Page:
I’ve been doing social media for a few years, but I still get the jokes that I play on Facebook all day. That’s okay; I AM on Facebook all day. And Twitter. And G+. And YouTube. And LinkedIn. And…you get the picture.
But while it’s fun, it’s not exactly playing. One false move and all the good things you’ve done are mysteriously forgotten. The internet has an astonishingly good memory for bad news, and a suspiciously selective one for good deeds.
If you’re doing social media for a living, you already know that it takes time, tactics, strategy, and a whole heap of awareness—and that’s just one set of cornerstones. You may still be able to get some sleep, but social media never does. And there’s always someone watching.
Now that I’ve creeped you out (and myself), here are a few things I’ve learned over the past few years, free of charge (we’re all in this together):
Put a face on it.
Talk to people like they’re people, not faceless customers; talk to people like you’re a person, not a faceless brand. You’re having a conversation, not a sales pitch—at least, don’t make it seem like a sales pitch—so leave the corporate speak on the company website.
How you do all this will depend on your audience, which means you’ll have to do a lot of listening. Be respectful and be aware of the company brand at all times, but don’t be afraid to inject some personality into it. And make it clear who you are: If you’re responding to people under a corporate logo, include your name.
Automated tools make it easy to set it and forget it, but you still have to be there to respond to questions and concerns or you lose credibility fast. I love using Hootsuite to set up tweets throughout the day because doing some automation frees me up to respond in real time where I can, as well as do all the other social media things I need to do. As a bonus, someone in a different time zone will wake up to your tweet as you’re off to your hard-earned rest.
Embrace negative feedback.
We all love positive feedback, but it’s how you work with negative feedback that will help you learn and help make your company look good to everyone watching. My view is if someone cares enough to take the time to complain about a specific issue, that means you can work with that person. You can’t work with whispers, but you sure can with shouts.
That said, learn to tell the difference between someone with a legitimate grievance and someone just wanting to stir up anonymous trouble. In extreme situations, follow your social media policy, call on your team, don’t feed the trolls, and take it offline as quickly as you can.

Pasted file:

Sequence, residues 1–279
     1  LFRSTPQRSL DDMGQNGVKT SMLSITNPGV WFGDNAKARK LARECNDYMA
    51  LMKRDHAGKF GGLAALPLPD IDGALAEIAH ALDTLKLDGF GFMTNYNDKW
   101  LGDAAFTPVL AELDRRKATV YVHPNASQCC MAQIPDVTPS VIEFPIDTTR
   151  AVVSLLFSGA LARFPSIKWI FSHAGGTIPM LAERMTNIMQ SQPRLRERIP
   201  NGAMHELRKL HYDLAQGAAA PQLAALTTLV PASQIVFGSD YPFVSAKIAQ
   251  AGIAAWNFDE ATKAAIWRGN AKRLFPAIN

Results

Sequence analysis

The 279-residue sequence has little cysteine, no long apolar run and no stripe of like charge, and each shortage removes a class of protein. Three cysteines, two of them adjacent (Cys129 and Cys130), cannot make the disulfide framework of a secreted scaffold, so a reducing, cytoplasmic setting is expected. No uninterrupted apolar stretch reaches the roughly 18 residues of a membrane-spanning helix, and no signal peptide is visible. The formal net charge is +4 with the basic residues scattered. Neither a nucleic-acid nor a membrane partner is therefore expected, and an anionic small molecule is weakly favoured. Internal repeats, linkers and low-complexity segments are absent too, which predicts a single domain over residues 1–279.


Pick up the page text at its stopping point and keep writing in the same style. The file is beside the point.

Don’t be afraid to ask.
Sometimes the best way to figure out what you’re doing right, what you’re doing wrong, and what people want from you is simply to ask. People love giving advice, especially if you show that you respect what they have to say. I asked the community on one of my Facebook Pages what they’d like to see in a guide we wanted to create for them. The answers poured in! So ask generally or ask a few key supporters, but ASK.
If there’s one thing social media has taught us, it’s that we never stop finding out something new. Build in time for research. Block off your calendar if you have to, but do it. Take advantage of free webinars on LinkedIn, BrightTalk and HubSpot; attend Twitter chats and look at other sites in your niche to see how they’re managing their communities.
If you’re going to panic, do it on the inside.
That adage about never letting them see you sweat holds just as true online as off. Build yourself that team of supporters, seek out advice, and do what it takes to calm down—and then respond to the situation.
Yep, even after all that. Social media is something to enjoy even as you’re creating those campaigns and putting in extra hours. You’re reaching people. You’re helping people. You’re giving them what they need. It’s an awesome feeling.
What’s your advice for being a social media rockstar?
One thought on “How to Be a Social Media Rockstar For Your Brand”
Pingback: Want to Get Ahead? Become a Brand Ambassador for Your Employer | The Savvy Intern by YouTern